What do a 4-year-old from Brockton, Massachusetts and Marvel’s superhero Iron Man have in common? A lot more than you might think.
Iron Man faces a heart injury that nearly kills him, but creates a suit of armor that protects his heart and gives him superpowers. Zaire was born with scimitar syndrome, a rare condition in which the heart grows differently than normal. While he wears no armor, Zaire has developed his own superpowers — boundless energy and a super dynamic personality — after undergoing a new procedure to fix his heart at Boston Children’s Hospital. …
The first hint that something wasn’t quite right with Danny Sanchez-Garcia’s heart came at his mom’s six-month prenatal visit.
“There was a little blip on the ultrasound, but then it was gone on the next one, so they didn’t think it was anything and I didn’t worry any more about it,” says Danny’s mom, Cynthia.
Cynthia was overjoyed when Danny was born at her local hospital seeming perfectly healthy. But as the hospital staff monitored Danny overnight, they noticed his oxygen level was lower than normal and decided to run more tests. His doctors believed the tests pointed to a congenital heart defect called tetralogy of Fallot with pulmonary atresia.
“They transported him overnight to Boston Children’s Hospital,” says Cynthia. “I felt like I was on a roller coaster, especially as a first-time mom.” …
When our son Nicholas was 5 weeks old, we brought him and his twin sister Emmy to our pediatrician for what we thought was a routine well visit. Though the twins had been born four weeks early, Nicholas had only been in the neonatal intensive care unit (NICU) for a few days with low blood sugar and jaundice. Both babies seemed healthy and we had no major concerns.
However, as we watched our pediatrician listen to Nicholas’ heart and pulse, we realized something wasn’t right. He told us the pulse in Nicholas’ lower extremities was weaker than the pulse in his upper body. He suspected Nicholas might have coarctation of the aorta and referred us to our local heart center, where they confirmed the diagnosis and immediately scheduled us for surgery at Boston Children’s Hospital. …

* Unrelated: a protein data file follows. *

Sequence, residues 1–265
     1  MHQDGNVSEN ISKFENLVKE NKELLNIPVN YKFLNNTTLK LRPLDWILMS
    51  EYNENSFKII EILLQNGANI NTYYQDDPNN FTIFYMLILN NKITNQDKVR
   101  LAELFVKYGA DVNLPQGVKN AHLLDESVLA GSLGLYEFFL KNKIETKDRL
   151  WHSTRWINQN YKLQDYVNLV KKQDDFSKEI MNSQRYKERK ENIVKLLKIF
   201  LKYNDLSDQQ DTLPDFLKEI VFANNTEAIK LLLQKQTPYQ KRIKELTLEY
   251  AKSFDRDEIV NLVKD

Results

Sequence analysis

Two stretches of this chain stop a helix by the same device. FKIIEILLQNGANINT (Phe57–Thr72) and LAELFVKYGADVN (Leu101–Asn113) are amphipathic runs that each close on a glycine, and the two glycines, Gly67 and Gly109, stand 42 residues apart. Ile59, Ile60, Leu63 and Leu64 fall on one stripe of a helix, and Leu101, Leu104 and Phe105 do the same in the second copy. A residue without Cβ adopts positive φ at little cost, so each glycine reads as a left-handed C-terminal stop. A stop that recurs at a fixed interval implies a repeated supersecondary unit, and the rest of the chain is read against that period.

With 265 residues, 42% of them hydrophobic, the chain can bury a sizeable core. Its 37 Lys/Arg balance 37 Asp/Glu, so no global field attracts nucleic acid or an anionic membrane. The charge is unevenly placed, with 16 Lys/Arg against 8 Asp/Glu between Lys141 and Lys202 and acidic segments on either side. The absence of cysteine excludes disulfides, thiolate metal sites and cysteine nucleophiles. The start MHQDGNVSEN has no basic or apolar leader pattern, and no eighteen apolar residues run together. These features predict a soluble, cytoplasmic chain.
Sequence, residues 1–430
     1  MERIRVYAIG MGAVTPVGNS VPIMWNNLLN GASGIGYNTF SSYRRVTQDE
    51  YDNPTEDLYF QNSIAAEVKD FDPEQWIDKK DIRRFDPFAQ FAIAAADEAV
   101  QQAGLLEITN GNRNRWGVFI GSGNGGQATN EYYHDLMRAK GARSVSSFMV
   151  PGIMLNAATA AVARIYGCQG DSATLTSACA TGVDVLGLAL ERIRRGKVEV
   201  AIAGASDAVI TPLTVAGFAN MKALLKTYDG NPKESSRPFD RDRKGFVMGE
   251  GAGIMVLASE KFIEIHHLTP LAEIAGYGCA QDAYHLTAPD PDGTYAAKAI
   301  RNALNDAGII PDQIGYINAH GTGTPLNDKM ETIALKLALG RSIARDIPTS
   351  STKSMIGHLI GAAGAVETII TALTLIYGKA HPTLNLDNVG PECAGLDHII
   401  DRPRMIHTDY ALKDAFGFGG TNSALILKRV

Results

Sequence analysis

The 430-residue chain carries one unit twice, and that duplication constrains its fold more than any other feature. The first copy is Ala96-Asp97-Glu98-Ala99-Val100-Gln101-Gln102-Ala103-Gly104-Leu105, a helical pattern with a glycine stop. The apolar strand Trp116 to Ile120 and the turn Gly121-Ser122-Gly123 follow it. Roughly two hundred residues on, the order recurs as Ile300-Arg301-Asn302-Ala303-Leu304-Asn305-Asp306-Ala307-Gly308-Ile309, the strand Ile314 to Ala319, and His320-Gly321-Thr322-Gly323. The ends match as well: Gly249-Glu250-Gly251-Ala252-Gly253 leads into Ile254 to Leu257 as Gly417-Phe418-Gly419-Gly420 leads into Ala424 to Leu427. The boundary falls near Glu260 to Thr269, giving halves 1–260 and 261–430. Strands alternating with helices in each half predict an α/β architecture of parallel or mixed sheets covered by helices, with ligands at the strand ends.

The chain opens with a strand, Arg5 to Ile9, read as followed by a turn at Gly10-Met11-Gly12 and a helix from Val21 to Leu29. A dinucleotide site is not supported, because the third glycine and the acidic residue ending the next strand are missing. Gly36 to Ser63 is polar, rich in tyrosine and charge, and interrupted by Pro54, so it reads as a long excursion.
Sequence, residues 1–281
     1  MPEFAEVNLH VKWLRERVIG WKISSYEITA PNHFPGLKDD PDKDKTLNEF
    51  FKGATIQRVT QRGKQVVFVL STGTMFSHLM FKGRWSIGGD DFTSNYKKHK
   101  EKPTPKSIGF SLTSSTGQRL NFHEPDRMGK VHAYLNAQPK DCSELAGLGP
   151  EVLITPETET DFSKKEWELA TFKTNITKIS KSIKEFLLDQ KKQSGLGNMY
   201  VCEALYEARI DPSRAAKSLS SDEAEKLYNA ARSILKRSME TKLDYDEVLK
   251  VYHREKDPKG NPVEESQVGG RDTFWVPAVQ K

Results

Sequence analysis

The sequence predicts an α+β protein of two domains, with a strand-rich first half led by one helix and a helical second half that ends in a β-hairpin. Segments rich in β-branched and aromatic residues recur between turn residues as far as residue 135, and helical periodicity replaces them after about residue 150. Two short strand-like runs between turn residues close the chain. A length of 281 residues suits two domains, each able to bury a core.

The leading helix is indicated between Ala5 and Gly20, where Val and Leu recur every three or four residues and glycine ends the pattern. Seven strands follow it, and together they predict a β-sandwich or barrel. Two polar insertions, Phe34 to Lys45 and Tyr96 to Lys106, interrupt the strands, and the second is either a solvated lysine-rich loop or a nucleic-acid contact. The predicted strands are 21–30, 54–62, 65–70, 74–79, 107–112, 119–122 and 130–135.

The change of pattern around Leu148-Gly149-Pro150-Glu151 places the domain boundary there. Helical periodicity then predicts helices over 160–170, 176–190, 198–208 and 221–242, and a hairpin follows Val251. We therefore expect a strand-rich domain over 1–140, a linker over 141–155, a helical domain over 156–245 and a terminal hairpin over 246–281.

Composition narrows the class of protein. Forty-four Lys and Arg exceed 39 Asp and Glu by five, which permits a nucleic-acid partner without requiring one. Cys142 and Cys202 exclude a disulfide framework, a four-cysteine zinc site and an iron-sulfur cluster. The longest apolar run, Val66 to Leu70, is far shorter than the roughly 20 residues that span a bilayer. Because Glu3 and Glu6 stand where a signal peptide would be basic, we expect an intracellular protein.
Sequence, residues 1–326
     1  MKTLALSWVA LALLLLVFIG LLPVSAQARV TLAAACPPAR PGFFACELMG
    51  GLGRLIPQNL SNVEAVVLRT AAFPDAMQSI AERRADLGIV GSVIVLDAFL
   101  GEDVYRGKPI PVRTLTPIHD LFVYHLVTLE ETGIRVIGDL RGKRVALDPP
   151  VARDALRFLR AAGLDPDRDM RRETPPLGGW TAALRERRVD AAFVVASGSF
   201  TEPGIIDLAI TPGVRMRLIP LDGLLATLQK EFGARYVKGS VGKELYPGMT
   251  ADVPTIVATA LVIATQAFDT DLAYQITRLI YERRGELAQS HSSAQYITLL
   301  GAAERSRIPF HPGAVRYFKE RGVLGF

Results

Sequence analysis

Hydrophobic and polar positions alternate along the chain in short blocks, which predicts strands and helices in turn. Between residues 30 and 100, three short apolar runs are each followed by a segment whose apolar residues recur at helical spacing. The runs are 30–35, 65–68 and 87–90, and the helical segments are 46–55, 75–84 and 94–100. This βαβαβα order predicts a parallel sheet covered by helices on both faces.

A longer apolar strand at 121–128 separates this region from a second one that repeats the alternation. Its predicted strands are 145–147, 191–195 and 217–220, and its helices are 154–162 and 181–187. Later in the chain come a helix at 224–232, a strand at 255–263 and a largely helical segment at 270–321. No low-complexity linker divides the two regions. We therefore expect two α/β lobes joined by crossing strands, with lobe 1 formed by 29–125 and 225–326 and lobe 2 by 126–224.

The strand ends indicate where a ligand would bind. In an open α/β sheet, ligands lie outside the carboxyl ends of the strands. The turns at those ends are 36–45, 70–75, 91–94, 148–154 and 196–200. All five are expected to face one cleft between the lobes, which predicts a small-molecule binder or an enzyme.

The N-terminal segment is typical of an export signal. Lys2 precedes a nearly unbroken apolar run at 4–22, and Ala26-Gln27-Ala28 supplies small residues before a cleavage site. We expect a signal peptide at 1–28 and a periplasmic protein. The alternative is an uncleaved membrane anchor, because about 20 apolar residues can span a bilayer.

Before Maria de la Paz was born, her parents Violeta Gustale and Orlando Cazal learned their unborn daughter had a complex congenital heart disease called hypoplastic left heart syndrome (HLHS).
With HLHS, the left side of the newborn’s heart is so underdeveloped that it cannot pump enough oxygenated blood throughout the body. The standard treatment is a series of three corrective surgeries to re-route blood flow through the heart. The first surgery is performed at birth, the second at six months and the third about two or three years later.
Violeta and Orlando were presented with four options:
- Travel from their home in Paraguay to Boston Children’s Hospital for treatment. The Boston Children’s Heart Center had a 95 percent success rate for the surgeries Paz would need (this was in 2011; today, that rate is 97 percent).
- Go to São Paulo, Brazil, where the best hospitals had a 75 percent success rate for the same surgeries.
- Go to Buenos Aires, Argentina, where surgical success rates hovered around 50 percent.
- Stay in Paraguay and have the surgeries there. Paz could be the country’s first success story, and the hospital would cover all medical expenses.
They made their decision right away. Their daughter would be born at Brigham and Women’s Hospital and treated at Boston Children’s.